As with last year, I don’t really see the point in building any suspense when it comes to sharing my favorite films. It’s not like you’ve been holding your breath, wondering what I’m going to say. (And if you have, thanks for being such a big fan. And sorry for the lack of ceremony here…)
The best film of 2016, far as I’m concerned, is Moonlight. Exceptional in every aspect, it is the nuanced yet powerful story of a boy becoming a man and the forces – internal and external – that shape him. Where Boyhood relied on a gimmick (albeit an impressive one) to chronicle one character’s life, filmmaker Barry Jenkins managed to find a perfect trio to carry the story of Chiron through the three phases of the film.
At times sparse, at times brutal, always honest, I found myself holding my breath as the camera did nothing more than pan across a scene. Such is the care the film takes with details, such is the emotions it illicits. At a glance, I have nothing in common with Chiron or any of the struggles and challenges he faces. And yet, the film soars both in the empathy it triggers for these strangers on screen, and in the universal truths of the journey we’re all on in this life.
After Moonlight, there are a handful of films I’d recommend as best of the year. I’ll preface this by saying there’s a lot I haven’t seen (Silence, Toni Erdmann, Paterson, I Am Not Your Negro, Hidden Figures, on and on…). I may catch many of these in January and still consider them tops for 2016. I also didn’t see enough docs or foreign films (or at least, enough good ones) to create my own separate lists for each of those. I’ve included a couple favorites in each of those genres below.
After Moonlight, here’s what I loved most this year:
Kubo and the Two Strings – I didn’t expect an animated feature to rank so high on this list, either. But the truth is, this poignant, beautiful film wrecked me and I loved every minute of it. A bit predictable as the story unfolds, it’s nevertheless a life-affirming love-fest, the kind of film that reminds you what’s most important in this crazy, mixed-up world we live in. If you haven’t seen it yet, do so at the first chance you get.
Manchester by the Sea – In an interview on Fresh Air, filmmaker Kenneth Lonergan (You Can Count on Me) talks about an early draft of the screenplay for Manchester that wasn’t working, that in it’s linear structure, something was lost in translation. That’s stuck with me, because it’s the flashback nature of the film that is so compelling, Lee Chandler’s (Casey Affleck) story unfolding in such a way to help one understand as the film goes on just what this man’s been through. Elevated by exceptional performances (god, is it wonderful to see Michelle Williams on screen again), it’s a moving examination of grief, at times unexpectedly funny and almost impossibly devastating. Affleck takes my Best Actor honors; Williams my Best Supporting Actress
La La Land – Earlier this year, I would’ve expected this gem of a film to be higher on my list. I really do love everything about it. But as I looked at what else I loved and why, Damien Chazelle’s modern musical slips just out of my top three, if only because there can only be three in a top three. As someone who grew up on old Hollywood musicals, I reveled in every tap dance and twirl, the big showstoppers and the pensive solos. As someone living and working in the reality of the new millennium, I treasure the modern perspective imbued throughout (particularly – no spoilers! – the ending). While there may not be any single number that lives on (like Good Morning, a magical, memorable scene all on its own), if La La Land serves as inspiration for a revival of the movie musical, it’s a success indeed.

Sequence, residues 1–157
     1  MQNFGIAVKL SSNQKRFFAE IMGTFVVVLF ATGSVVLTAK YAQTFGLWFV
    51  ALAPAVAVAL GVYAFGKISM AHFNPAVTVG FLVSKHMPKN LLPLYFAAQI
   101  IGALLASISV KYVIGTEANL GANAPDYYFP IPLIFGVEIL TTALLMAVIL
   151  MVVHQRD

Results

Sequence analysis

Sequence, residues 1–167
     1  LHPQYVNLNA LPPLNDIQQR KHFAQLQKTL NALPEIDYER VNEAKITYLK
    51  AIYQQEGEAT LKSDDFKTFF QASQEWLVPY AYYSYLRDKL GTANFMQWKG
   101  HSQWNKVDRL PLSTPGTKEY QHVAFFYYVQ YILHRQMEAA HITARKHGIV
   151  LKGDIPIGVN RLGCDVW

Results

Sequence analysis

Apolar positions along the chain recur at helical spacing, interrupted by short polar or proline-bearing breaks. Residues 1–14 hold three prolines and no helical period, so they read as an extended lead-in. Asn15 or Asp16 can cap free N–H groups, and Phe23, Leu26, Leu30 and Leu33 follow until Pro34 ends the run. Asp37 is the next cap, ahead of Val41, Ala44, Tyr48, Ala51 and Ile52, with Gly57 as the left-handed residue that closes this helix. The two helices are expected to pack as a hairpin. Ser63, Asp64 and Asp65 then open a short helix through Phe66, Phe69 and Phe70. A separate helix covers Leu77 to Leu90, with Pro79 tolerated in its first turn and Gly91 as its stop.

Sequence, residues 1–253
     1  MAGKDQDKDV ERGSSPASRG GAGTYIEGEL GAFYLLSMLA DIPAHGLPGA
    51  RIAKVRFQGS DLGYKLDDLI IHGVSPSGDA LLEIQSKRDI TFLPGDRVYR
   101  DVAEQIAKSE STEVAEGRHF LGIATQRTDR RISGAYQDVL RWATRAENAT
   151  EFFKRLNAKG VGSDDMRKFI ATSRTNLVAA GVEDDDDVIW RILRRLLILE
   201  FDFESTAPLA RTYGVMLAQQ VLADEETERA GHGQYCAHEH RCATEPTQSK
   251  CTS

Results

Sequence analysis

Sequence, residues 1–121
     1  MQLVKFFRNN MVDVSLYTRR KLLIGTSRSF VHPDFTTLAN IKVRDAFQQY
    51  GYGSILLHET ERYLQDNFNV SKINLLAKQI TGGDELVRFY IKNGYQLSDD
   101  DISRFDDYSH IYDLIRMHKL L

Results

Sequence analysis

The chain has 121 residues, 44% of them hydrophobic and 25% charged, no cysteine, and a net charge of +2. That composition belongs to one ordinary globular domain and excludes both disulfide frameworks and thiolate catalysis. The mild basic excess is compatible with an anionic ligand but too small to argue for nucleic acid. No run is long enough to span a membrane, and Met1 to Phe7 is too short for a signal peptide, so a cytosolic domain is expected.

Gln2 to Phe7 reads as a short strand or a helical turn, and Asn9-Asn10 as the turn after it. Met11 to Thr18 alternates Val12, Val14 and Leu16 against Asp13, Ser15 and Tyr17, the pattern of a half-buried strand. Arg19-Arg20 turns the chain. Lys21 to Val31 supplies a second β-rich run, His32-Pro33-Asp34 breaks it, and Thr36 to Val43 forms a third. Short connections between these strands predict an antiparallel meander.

Jackie – In the last year or so, I’ve become a bit of a Pablo Larrain fan. Representing The Club‘s U.S. release and awards run, I dug into his early works as a bit of professional research, and then saw Neruda as an early Festival screening. What’s wonderful about Jackie (aside from a resplendent Natalie Portman, of course) is watching Larrain work his filmmaking magic in the powerful story about the First Lady’s life in the week after JFK’s assassination. He effortlessly marries the aesthetic of big Hollywood (English language, big budgets, etc.) with his own signature style, that of an auteur with a singular vision of the final product. Portman takes my Best Actress honors for the year
Sing Street – The second music-centric title on this list, it’s also the only one here I’ve already seen a second time, I enjoyed it so much. I caught it first at a late night screening at SXSW, a personal treat after a day filled with work screenings. And what a treat it is. John Carney (Once) transports us back to those innocent days of the early ’80s, complete with big hair, bad eye makeup and mix tapes on cassette. First and foremost a story of young love and the lengths we’ll go to pursue it, it finds its meaning in a deeper story of family dysfunction, fighting the man and figuring out how to build the lives we want.
Moana – I didn’t see this until several weeks after it was released, so the initial buzz had died down quite a bit. Honestly, I think I forgot all the great reviews it was getting, because I was so genuinely impressed with the whole thing it quickly found a spot on this year-end list. Unapologetically Disney in every way, it still manages to break new ground in that canon with the absence of a love story or any problematic princess rescuing. The story of a determined young woman who sets out on the journey of a lifetime guided by her grandmother (all to the musical stylings of one Lin-Manuel Miranda), it’s one of the best Disney offerings in years (and yes, I remember Frozen).